Deciding To Enter
One of the hardest parts of showing is deciding whether it's in your cat's best interest to show him/her. Some
good questions to ask yourself are:
- Is my cat healthy?
- Will my cat allow itself to be touched by strange people?
- Is my cat easily frightened by loud noises and strange smells?
- Can I afford the expenses?
The Various Associations
If you consider all options and still want to try it then your next choice is which association you'd like to show in. For
your first show, I recommend choosing one that has a show close by. Cat shows are stressful enough your first time without
having to worry about how your cat is going to like staying in a hotel. Even if you are showing a particular breed for
your first time, you can almost always cross register in different associations. Contact the breeder or the association you
would like to show in, and they will be able to tell you what you need to do to get a registration number.
Cat show schedules can be found in a variety of places, including online on club and association websites, and
in a magazine such as Cat Fancy. Sometimes you can find show and contact information in your state's calendar of
When you find a show you want to attend, call the listed entry clerk and tell them that you are a new exhibitor. They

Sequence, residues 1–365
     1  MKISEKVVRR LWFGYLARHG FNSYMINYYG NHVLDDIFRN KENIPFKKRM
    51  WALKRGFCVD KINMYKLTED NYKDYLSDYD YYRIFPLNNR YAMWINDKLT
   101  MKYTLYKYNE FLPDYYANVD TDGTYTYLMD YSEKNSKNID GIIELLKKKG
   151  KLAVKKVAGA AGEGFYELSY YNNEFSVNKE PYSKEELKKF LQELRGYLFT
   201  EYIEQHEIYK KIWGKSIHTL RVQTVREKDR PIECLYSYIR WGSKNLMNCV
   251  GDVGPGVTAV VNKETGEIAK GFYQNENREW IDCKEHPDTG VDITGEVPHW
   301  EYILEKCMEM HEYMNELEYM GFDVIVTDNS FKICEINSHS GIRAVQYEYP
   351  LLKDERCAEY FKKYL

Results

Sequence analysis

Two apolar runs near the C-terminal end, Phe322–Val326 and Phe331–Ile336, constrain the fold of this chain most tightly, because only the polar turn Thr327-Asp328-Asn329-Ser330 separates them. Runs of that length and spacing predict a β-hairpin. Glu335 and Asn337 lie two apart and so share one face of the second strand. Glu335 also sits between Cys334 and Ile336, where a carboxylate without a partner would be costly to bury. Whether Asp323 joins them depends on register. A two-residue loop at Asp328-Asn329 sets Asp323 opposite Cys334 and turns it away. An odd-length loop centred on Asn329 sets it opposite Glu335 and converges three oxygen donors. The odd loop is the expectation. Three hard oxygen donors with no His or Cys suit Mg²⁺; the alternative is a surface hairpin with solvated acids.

are extremely helpful and are excited to make this an enjoyable experience for you. Ask him/her to send you an entry
form and show flyer. Entry fees vary from show to show, but range from $25-$100 or more, depending on the size of the show
(number of judges) and on what "amenities" you choose to have. Some of these might include:
- Double cage- (This gives your cat more room. Most single cages are 21x21x21", getting a double cage gives
you a 21x21x45".)
- Grooming Space- (Basically this gives you table space the size of a double cage to give you a place to
groom your cat and set your stuff. This is especially nice if you only have one cat and need the extra space.)
- End-of-Row Benching- (This is usually limited to the handicapped and ring clerks, however some clubs
offer this option to exhibitors for a fee. All this means is that your cage will be at the end of the
long benching tables, therefore making it easier to reach your cage in a large crowd.)
What Color Is My Cat?
One of the difficult things for a new exhibitor (especially those of household pets) to fill out on the entry
form is the question about your cat's color. Below are a few examples that may help: